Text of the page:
Sca-1 expression identified stem cells in the proximal region of prostatic ducts with high capacity to reconstitute prostatic tissue
Review of: Patricia E Burger, Xiaozhong Xiong, Sandra Coetzee, Sarah N Salm, David Moscatelli, Ken Goto and E Lynette Wilson. PNAS, Proc Natl Acad Sci USA, May 17, 2005,vol. 102, no. 20 pp 7180 – 7185.
Stem cells and tumor cells have many common features, including self-renewal, multidrugresistance, telomerase expression and related to the prostate, androgen independence. Experimental studies demonstrated that androgens are not a prerequisite for survival of prostatic stem cells. Therefore, an understanding of prostate stem cell biology is important for new therapeutic approaches in androgen-independant prostate cancer (PCa). Furthermore, stem cells may also play a role in the development of benign prostatic hyperplasia. Isolation and characterization of prostatic stem cells will increase our understanding of the normal prostatic physiology, and hopefully also the mechanisms behind the development of prostatic hyperplasia and prostate cancer.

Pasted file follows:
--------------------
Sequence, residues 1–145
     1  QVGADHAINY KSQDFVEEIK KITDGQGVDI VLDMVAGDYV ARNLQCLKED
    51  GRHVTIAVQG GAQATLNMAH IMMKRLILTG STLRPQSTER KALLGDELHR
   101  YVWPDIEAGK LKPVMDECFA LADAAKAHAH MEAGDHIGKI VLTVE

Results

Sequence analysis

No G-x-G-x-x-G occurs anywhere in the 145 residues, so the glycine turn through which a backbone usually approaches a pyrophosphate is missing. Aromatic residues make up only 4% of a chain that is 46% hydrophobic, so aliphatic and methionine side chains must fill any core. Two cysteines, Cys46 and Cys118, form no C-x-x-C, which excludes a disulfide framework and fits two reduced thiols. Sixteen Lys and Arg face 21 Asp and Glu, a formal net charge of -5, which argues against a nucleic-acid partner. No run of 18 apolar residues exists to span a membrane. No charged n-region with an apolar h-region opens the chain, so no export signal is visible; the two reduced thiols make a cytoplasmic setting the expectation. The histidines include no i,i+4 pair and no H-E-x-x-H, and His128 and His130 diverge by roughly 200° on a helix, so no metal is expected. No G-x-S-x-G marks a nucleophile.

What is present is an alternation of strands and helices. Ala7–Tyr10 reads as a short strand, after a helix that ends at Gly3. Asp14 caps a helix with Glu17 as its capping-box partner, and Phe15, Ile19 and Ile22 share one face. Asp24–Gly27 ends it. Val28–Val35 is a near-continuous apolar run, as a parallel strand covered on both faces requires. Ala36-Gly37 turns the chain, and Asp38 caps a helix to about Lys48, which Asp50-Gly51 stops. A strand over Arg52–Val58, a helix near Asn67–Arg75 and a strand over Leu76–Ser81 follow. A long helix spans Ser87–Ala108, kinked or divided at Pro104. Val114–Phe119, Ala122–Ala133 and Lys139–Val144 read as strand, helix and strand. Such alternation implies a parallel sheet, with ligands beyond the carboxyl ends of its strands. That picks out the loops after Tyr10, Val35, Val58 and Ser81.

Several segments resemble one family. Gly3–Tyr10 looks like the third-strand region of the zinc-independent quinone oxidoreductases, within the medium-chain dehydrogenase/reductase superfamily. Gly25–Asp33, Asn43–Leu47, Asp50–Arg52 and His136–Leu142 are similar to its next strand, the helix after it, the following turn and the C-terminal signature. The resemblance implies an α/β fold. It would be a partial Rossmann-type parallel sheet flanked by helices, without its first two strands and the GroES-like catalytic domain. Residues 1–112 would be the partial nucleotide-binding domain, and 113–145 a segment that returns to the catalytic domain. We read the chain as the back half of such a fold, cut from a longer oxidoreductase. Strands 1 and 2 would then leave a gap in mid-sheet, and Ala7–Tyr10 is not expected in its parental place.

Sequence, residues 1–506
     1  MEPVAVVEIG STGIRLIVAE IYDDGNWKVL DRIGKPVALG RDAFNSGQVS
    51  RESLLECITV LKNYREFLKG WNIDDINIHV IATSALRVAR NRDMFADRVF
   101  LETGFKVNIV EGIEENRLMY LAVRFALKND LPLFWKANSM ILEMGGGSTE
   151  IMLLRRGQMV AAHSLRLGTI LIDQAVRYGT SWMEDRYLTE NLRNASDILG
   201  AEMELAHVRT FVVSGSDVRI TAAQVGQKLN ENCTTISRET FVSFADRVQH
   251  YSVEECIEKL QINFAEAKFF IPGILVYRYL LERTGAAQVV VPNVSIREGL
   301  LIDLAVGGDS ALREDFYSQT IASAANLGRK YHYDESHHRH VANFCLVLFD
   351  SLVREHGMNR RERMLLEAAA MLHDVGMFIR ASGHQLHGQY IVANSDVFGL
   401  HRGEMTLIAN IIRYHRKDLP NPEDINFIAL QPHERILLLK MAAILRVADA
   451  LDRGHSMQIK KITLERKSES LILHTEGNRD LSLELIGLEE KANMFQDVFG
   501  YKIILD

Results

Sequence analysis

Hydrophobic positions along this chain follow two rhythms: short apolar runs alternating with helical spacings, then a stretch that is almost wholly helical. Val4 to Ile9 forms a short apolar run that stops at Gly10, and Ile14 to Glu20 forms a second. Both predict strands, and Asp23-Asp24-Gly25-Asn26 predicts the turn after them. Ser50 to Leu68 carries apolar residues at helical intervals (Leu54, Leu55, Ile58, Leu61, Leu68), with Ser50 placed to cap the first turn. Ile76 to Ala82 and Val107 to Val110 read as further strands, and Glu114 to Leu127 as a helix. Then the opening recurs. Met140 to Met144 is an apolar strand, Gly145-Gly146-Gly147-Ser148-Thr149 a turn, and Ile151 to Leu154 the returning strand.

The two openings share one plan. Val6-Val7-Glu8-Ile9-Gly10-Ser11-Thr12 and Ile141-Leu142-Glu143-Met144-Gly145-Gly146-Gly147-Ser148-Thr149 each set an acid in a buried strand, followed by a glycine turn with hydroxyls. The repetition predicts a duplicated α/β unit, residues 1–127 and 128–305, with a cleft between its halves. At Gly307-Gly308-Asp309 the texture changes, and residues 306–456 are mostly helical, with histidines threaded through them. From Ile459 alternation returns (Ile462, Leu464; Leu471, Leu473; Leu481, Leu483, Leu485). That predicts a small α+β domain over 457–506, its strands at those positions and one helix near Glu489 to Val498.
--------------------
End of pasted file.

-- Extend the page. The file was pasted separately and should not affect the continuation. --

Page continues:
Burger and colleagues have previously shown a high density of prostatic stem cells in the proximal regions of the prostatic ducts. In the present paper, they identify a candidate population of prostatic stem cells in the proximal region of murine prostatic ducts that express high levels of Sca-1, in conjunction with alpha6 integrin and the anti-apoptotic factor Bcl-2, which are typical findings of stem cells. In addition, the isolated Sca-1 expressing cells were shown to regenerate abundant normal functional prostatic ducts in an in vivo transplantation assay, whereas cells that do not express this antigen formed very little tissue.
Further stratification of the phenotype of the stem cells may enable the development of rational therapies for treating prostate cancer and benign prostatic hyperplasia.